Summer Dance didn’t have much in the way of canvaswork when we bought her: an original mainsail cover and an old outboard engine cover that also looked pretty ghetto. Besides being 1980’s brown in color, the canvas of the mainsail cover was faded and shredded in places, much of the stitching had disintegrated, and the zipper had come almost completely loose. It was unsalvageable but it did work as a pattern to sew a new cover out of Sunbrella, the gold standard of marine canvas.
The mainsail cover was my very first canvas sewing project. I used it to get the feel of working with canvas and to practice sewing with our standard New Home sewing machine. If you already have a home sewing machine, it will probably work okay for up to several layers of canvas, depending on the thickness. Four yards of canvas was more than enough for me to make a 10′ mainsail cover and a new outboard engine cover with remnants left over for smaller projects. I ordered the canvas from SailRite along with the V-92 White UV Bonded Polyester Thread, YKK #10 White Separating Molded Tooth Zipper, hook and loop fastener tape around the mast, and twist fasteners for under the boom.
I took the old cover apart at the seams, laid out the parts on the new canvas, and traced around them with a soapstone pencil, also from SailRite. I cut the parts out with scissors but later, when I made the cabin cushion covers, I discovered how much better a hotknife works for cutting synthetic marine canvas like Sunbrella. Instead of the edges unravelling, they fuse solid. That not only makes them easier to work with and prevents getting pieces of thread everywhere, it also ensures that they won’t come loose after years of use and abuse. Rather than buy an expensive industrial hotknife, I made my own hotknife solution.
The rest of this project was simply sewing it together in the same way as the old cover and installing the twist fasteners and the end tie. SailRite has plenty of how-to videos on all of the necessary steps including a video on making a mainsail cover from start to finish using one of their kits. If you don’t have an old cover to use as a pattern, I recommend a kit. I purchased one for a foredeck sail bag.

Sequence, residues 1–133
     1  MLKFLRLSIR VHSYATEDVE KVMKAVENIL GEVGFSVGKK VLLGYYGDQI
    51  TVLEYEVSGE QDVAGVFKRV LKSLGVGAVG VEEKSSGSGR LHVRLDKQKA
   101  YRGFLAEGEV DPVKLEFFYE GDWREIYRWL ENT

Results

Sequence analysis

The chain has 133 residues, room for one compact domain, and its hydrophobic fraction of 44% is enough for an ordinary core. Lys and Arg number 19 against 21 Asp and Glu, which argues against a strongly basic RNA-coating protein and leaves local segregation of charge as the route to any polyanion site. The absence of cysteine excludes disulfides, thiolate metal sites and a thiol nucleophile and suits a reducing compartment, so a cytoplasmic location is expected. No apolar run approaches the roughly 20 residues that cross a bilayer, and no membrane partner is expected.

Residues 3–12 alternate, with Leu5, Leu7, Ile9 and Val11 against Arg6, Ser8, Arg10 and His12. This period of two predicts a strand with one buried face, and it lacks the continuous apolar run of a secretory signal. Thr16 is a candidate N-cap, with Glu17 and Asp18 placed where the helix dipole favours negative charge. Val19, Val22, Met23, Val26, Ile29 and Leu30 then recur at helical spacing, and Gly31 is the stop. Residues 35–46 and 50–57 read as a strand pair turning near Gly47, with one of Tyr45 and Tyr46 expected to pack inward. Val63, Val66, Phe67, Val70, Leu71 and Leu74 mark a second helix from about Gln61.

The only other thing you will need is practice at making long, straight, consistent seams and sewing around corners through numerous layers of canvas. A magnetic sewing guide really helps out. Rather than buy one, I made my own out of a scrap of hardwood and a couple of rare earth magnets. I also highly recommend using Seamstick to hold the pieces together as you sew. It helps a lot too.
The mainsail cover project only took a leisurely evening to make and it turned out great. It’s tough, too. Mine was put to an extreme test during the freak storm that heavily damaged Summer Dance. The mainsail cover came through with no significant damage and it protected our mainsail from certain destruction.
Gentlemen, start your sewing machines!
Give making your own canvas gear a try. And for the guys out there, don’t fall for the stereotype excuse that men don’t sew. Plenty of sailmakers are men and they perfected their chops on projects like this. When you juice it down, it’s about plans, materials, fasteners, and power tools; all things that DIY guys (and gals) like. Even if you’re all thumbs when it comes to pointy needles, this is a project that you can do together with your first mate or a friendly seamstress.
If you’re like me, you’ll be surprised at how easy it is and go on to make other projects like an outboard engine cover, cabin cushion covers, crib board storage bag, lifeline cushions, foredeck sail bag, bimini cover, tiller cover, winch covers, and more. For some truly ingenious canvaswork ideas, check out Don Casey’s 100 Fast and Easy Boat Improvements.